Mat (Clodagh Emoe, 2008-ongoing) via
On a recent episode of Fringe, a mad scientist arch-villain primes two parallel worlds for destruction by re-tuning the frequency of each planet to resonate at the same pitch. A semi-literal bridge that connects the worlds makes this simultaneous ruination possible. The uniting functionality is familiar: an open line enables communication, and much like the telephone and its network offspring, a bridge makes connection possible. That open line has served as a hopeful means of connection to magic, the fuzzily understood, and the otherworldy.
Remote became routinely possible with the telephone. Electronically transmitted speech enabled nearly immediate, if once-removed, conversation. The device, as described by philosopher Avital Ronell, both amplified a voice across distance and marked the physical absence of the other. A call's origin, the voice on the other side, could be logically anywhere, or from beyond. One story goes: Alexander Graham Bell, influenced by Thomas Watson's interest in phatasmic communication and seeking a means to communicate with his much-loved departed brother, ended up inventing the telephone.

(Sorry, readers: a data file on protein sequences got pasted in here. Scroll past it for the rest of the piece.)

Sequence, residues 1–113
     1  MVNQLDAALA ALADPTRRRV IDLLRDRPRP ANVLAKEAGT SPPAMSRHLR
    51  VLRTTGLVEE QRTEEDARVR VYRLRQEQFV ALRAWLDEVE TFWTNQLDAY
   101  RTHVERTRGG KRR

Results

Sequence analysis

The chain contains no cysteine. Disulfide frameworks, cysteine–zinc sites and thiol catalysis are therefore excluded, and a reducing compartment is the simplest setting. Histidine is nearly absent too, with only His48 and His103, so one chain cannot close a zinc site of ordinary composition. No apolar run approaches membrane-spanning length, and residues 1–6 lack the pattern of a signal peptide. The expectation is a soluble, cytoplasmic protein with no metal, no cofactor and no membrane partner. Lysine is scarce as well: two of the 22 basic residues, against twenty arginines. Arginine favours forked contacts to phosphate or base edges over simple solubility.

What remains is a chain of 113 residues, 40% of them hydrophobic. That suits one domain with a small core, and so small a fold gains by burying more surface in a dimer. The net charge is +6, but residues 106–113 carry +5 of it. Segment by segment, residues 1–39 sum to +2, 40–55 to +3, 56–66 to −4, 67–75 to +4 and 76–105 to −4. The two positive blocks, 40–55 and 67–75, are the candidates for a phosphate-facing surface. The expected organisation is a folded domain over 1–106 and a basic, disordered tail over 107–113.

Could transmission and recording instruments reveal the unknown? Ethereal forces were felt and unseen — what was imperceptible to the naked eye might be seen by a technologically augmented one:
The Medium Eva C. with a Materialization on Her Head and a Luminous Apparition Between Her Hands (Albert von Schrenck-Notzing, 1912) via
The mind-consciousness interface is direct and hopefully unburdened by interpretative infrastructure. Fringe's FBI agent heroine possesses slight telepathic and telekinetic abilities that lubricate her passage between worlds. She requires no intervening interface; her mind is the bridge, her thoughts go unmediated from input to considered output. (For more on brain interfaces and interaction, go here for the Near Future Laboratories SXSW talk; slideshow here).
Direct communication from mind to the external results in ...
Hannah Sawtell, Swap Meet (Ijen Mix) Optic, 2012